Commentary, Sociology

Alice S. Rossi 1922-2009

Sociologist and feminist scholar Alice S. Rossi passed away last Tuesday at her home in Northampton, Mass. A past president of the American Sociological Association and one of the founding members of the National Organization for Women, Rossi was an outspoken advocate for women inside and outside academe. Rossi both lived by and focused much of her scholarship on her progressive views “on the status of women in work, family, and sexual life.” Her husband Peter H. Rossi, also a distinguished sociologist and author of Down and Out in America: The Origins of Homelessness, passed away in 2006.
From an article on Rossi appearing in today’s New York Times:

Professor Rossi was best known for her studies of people’s lives—those of women in particular—as they move from youth to age. She edited several books on the subject, including Gender and the Life Course (Aldine, 1985); Sexuality Across the Life Course (University of Chicago, 1994); and Caring and Doing for Others: Social Responsibility in the Domains of Family, Work and Community (University of Chicago, 2001).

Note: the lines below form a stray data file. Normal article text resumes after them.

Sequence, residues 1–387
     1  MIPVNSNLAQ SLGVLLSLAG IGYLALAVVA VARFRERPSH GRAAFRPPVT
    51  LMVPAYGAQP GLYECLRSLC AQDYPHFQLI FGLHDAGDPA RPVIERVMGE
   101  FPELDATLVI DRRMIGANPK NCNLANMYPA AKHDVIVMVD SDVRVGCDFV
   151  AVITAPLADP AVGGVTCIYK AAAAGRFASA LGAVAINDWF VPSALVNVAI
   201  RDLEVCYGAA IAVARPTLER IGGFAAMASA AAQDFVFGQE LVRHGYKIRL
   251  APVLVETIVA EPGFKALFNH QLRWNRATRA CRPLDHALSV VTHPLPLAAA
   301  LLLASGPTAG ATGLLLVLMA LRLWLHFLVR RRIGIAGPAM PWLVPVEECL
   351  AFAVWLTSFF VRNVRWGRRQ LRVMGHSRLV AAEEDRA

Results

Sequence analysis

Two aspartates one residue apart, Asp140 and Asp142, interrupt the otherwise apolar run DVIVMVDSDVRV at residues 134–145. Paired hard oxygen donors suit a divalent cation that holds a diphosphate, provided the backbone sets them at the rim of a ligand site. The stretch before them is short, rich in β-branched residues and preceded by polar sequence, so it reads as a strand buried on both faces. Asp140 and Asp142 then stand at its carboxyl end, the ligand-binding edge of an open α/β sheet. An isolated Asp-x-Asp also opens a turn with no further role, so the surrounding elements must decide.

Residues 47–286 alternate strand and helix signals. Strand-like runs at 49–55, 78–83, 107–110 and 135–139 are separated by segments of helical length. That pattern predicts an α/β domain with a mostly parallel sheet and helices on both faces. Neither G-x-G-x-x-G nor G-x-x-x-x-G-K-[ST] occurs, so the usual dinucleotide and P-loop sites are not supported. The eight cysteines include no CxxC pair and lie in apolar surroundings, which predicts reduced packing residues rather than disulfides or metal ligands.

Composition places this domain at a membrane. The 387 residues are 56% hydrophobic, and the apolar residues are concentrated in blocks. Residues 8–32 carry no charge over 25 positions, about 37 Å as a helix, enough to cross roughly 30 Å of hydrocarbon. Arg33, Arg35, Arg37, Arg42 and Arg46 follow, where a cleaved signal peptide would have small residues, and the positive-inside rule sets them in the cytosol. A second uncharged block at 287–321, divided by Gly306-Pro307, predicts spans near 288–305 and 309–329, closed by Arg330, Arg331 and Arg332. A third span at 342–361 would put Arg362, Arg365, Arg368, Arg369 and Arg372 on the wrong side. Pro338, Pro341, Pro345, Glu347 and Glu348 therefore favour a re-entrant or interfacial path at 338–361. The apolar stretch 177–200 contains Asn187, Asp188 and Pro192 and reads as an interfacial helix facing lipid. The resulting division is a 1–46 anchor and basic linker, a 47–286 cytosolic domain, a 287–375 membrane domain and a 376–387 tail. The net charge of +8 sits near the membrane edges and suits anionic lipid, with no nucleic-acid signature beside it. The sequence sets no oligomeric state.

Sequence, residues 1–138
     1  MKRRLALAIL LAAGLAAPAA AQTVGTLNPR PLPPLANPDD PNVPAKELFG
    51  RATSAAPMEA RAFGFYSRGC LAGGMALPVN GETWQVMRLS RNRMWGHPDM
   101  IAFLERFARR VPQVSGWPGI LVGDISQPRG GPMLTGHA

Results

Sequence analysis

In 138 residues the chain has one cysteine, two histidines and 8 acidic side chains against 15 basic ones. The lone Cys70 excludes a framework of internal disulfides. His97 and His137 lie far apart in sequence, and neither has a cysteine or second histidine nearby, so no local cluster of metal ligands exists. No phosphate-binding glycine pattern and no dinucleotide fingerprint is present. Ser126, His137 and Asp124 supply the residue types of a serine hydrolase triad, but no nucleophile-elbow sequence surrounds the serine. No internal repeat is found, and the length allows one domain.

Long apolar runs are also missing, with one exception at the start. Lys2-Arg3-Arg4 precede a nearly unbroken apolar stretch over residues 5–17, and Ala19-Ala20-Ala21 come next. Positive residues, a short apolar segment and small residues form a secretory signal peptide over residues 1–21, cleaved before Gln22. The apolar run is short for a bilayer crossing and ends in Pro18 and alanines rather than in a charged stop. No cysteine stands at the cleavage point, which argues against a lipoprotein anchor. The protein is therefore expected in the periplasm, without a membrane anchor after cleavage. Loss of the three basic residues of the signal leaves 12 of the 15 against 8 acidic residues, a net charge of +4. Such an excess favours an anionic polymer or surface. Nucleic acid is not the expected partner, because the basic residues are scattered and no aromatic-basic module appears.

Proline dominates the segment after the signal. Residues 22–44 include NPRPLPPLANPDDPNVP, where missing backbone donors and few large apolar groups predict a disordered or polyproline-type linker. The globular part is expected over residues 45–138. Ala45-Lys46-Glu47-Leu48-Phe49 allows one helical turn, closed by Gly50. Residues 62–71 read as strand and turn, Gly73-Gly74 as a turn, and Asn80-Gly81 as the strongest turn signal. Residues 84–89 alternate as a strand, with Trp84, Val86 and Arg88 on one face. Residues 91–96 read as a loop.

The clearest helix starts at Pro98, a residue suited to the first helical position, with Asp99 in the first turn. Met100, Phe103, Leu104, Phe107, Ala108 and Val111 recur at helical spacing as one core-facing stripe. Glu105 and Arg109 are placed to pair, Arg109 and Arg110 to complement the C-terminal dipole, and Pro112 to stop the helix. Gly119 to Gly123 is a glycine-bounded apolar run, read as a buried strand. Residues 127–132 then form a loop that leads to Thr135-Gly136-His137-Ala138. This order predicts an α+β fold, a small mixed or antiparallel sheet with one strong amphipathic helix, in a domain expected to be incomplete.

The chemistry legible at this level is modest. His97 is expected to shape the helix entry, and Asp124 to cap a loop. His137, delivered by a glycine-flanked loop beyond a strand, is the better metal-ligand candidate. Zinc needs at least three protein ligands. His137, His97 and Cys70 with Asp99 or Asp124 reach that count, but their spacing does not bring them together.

One of her most influential feminist articles was Equality Between the Sexes: An Immodest Proposal. First presented in 1963 at a meeting of the American Academy of Arts and Sciences, it was published the next year in the academy’s journal Daedalus.
In the article, Professor Rossi argued that for most women motherhood had become a full-time occupation, a state of affairs that hurt not only women but also the larger society in which they lived. For the well-being of both the women and the culture, she wrote, parity of the sexes is essential.

For more on Rossi’s life and work, read the complete NYT article online, or listen to this fascinating dialogue between Rossi and her daughter for NPR’s Morning Edition recorded in 2007.